(22.) Then East India Company Chairman Edward Parry.
(23.) IOR J/1/24, 310-11.
(24.) Letter of February 1, 1809 to Edward Parry (IOR J/1/24, 333). See also the resolution of the Court of Directors on January 16, 1809, to solicit information from Wilkins and from the Madras government (IOR J/2/1, 318, quoted in Rocher, Hamilton, 72).
(25.) Attachment to a letter to Thomas W. Rundall read in the Committee of College on December 21, 1809 (IOR J/1/24, 539-41). Hamilton's emphasis on vocabulary made him equate "Indian" languages with "Hindu" languages, or languages native to India, in this context.
(26.) Public Disputations of the Students at the College of Fort William in Bengal, before the Rt. Hon. Lord Minto together with His Lordship's Discourse, 15th September, 1810 (Calcutta, rpt. London: Black, Parry and Kingsbury, 1811).
(27.) Letter of April 6, 1811 (IOR J/l/26, 353-54). His colleague Stewart's response to Minto's speech angled for Hamilton's reassignment to help with the teaching of Persian: "I take the liberty of remarking, that while a great portion of the time allotted to Oriental study in this College, is by the Clever students devoted to Sanscrit, there does not appear to be a single student of that abstruse language in the Whole College of Fort William, whereby, not only the valuable time of the young men, but also that of my learned Colleague, whose various talents enable him equally well to teach Persian, has been thrown away" (letter of March 28, 1811, to Grant [IOR J/l/26, 349]).
(28.) Public Letter to Bengal of May 22, 1811 (IOR H/489, 156-57).
(29.) Public Disputations of the Students at the College of Fort William, in Bengal, before the Rt. Hon. Lord Minto, together with His Lordship's Discourse, 20th September, 1813 (Calcutta; rpt. London: Black, Parry, and Co., 1814). 23-24.
(30.) Ibid., 24, 28; see also Kopf, 105. The first declamation in Sanskrit at Fort William dates back to the same year 1813 (see Das, 153).
(31.) Statutes and Regulations framed and enacted by the Authorities specified in the Act of Parliament 53 Geo. III. cap. 155 (East India College, 1814, 9-10), quoted in Rocher, Hamilton, 66-67. In 1813 the Court of Directors had sought to bring from India persons who might be able to teach South Indian languages, but the Board of Control denied their request (see, e.g., IOR J/1/28, 376-77, J/1/29, 478, J/1/30, 387).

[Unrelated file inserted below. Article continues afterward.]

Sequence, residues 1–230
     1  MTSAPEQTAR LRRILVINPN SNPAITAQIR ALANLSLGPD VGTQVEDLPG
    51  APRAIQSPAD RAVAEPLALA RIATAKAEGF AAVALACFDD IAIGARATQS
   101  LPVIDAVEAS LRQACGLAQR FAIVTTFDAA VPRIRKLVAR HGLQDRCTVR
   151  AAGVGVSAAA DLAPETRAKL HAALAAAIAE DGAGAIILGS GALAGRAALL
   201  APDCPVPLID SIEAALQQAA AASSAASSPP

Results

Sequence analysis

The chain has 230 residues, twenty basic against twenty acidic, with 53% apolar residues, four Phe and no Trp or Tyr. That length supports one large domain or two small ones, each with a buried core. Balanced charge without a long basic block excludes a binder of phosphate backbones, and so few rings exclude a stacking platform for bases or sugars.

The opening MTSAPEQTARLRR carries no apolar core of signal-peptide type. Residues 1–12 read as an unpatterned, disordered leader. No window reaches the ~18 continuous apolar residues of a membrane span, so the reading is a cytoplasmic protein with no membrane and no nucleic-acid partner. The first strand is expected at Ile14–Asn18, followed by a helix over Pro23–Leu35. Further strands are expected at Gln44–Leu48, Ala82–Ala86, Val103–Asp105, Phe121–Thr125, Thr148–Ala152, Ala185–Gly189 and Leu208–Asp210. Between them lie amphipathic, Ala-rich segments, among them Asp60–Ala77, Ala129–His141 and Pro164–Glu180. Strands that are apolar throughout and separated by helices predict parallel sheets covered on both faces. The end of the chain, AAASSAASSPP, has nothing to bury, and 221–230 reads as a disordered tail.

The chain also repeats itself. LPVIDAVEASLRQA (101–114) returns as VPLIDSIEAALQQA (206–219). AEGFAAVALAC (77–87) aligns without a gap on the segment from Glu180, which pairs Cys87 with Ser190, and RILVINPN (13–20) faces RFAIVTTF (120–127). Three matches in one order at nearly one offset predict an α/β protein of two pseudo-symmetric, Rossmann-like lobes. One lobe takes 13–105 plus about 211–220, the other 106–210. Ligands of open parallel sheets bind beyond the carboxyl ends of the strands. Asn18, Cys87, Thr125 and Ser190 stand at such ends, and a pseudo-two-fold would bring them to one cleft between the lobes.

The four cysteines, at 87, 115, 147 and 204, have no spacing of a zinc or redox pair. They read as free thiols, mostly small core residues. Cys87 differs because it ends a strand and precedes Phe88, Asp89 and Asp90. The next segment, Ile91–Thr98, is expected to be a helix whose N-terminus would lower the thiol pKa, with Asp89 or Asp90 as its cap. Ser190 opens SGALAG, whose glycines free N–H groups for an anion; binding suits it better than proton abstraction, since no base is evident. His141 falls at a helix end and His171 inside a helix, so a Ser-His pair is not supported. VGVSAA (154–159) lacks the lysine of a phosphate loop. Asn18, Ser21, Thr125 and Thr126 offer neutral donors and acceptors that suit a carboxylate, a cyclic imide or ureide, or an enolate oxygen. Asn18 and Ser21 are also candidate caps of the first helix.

(32.) Letter of November 1813 from Stewart, countersigned by Hamilton (IOR J/1/28, 376-77). At the same time, the two scholars recommended against the publication of a grammar of Hindustani by Mir Hasan Ali, the munshi of the East India Company's military seminary at Addiscombe, who was a candidate for the position at Haileybury (IOR J/1/28, 374-75). All joint letters from the two Oriental Professors to the Committee of College were written by Stewart and countersigned by Hamilton.
(33.) Letter of December 3, 1814 (IOR J/1/30, 387).
(34.) Memos of 1816 and 1820 on the State of the College's Oriental Department (IOR J/1/19, 464, J/1/35, 267-70).
(35.) Letter of March 28, 1816, to Oriental Visitor Wilkins (IOR J/1/31, 197). Stewart counted that five students had been discharged from the Sanskrit class in September 1814, and eight in April 1815.
(36.) Letter of April 7, 1816, to John Lloyd, secretary of the College Committee (JOR J/1/31, 212).
(37.) Letter from Stewart of April 7, 1816, Haughton's application of September 27, 1816, Wilkins' memo of October 24, 1816, and memo of 1820 on the state of the Oriental Department (IOR J/1/31, 212-15, J/1/32, 40-61, J/1/19, 464-66, J/1/35, 267-70).
(38.) Letter of March 13, 1817 (IOR J/1/32, 234).
(39.) See the documents and testimonials in support of his candidacy (IOR J/1/32, 40-61) and Kopf, 105.
(40.) Letter of May 15, 1818 (IOR J/1/33, 220). Hamilton's final resignation was dated May 2 (J/1/33, 217-18). At the request of the East India Company Chairman, he had stayed for a semester beyond the date at which he originally planned to retire (J/2/3, 91-92, quoted in Rocher, Hamilton, 69-70). Glyn had gone back to India at the end of 1817. The vacancy had not been filled, pending a decision on Hamilton's succession (memo of 1820 on the state of the Oriental Department, IOR J/1/35, 267-70).
(41.) See Haughton's letter of May 1, 1820, seeking East India Company support for a Bengali dictionary, with an enclosed recommendation by Hamilton, dated April 27 (IOR J/1/35, 286-90).
(42.) On Hamilton's private instruction of Friedrich Schiegel in Paris, see Rocher, Hamilton, 44-52.
(43.) Wilson was not the first to teach Sanskrit at a British university. The German scholar Friedrich Rosen had been the founding professor of Sanskrit at the University College of London, which opened its doors in 1828. He was first in a Long series of German Sanskritists who were to teach in Britain. The tension between German scholars trained in the West and British scholars who were introduced to Sanskrit in India was first publicly vented on the occasion of the founding of the Boden chair (see A. W. Schlegel's "Reflexions sur l'etude des langues asiatiques, addressees a Sir James Mackintosh, suivies d'une lettre a M. Horace Hayman Wilson" [1832, repr. in Oeuvres ecrites en francais, ed. Edouard Bocking, Leipzig: Wiedmann, 1846,3: 212-41226-731]) Further unpleasantness occurred in 1860, when the second election was held for the Boden chair, which Monier Monier-Williams and Friedrich Marx Muller hotly contested.
|Printer friendly Cite/link Email Feedback|
|Title Annotation:||Sanskrit instruction in Great Britain|
|Publication:||The Journal of the American Oriental Society|
|Date:||Apr 1, 2002|
|Next Article:||Kharosti and Brahmi.|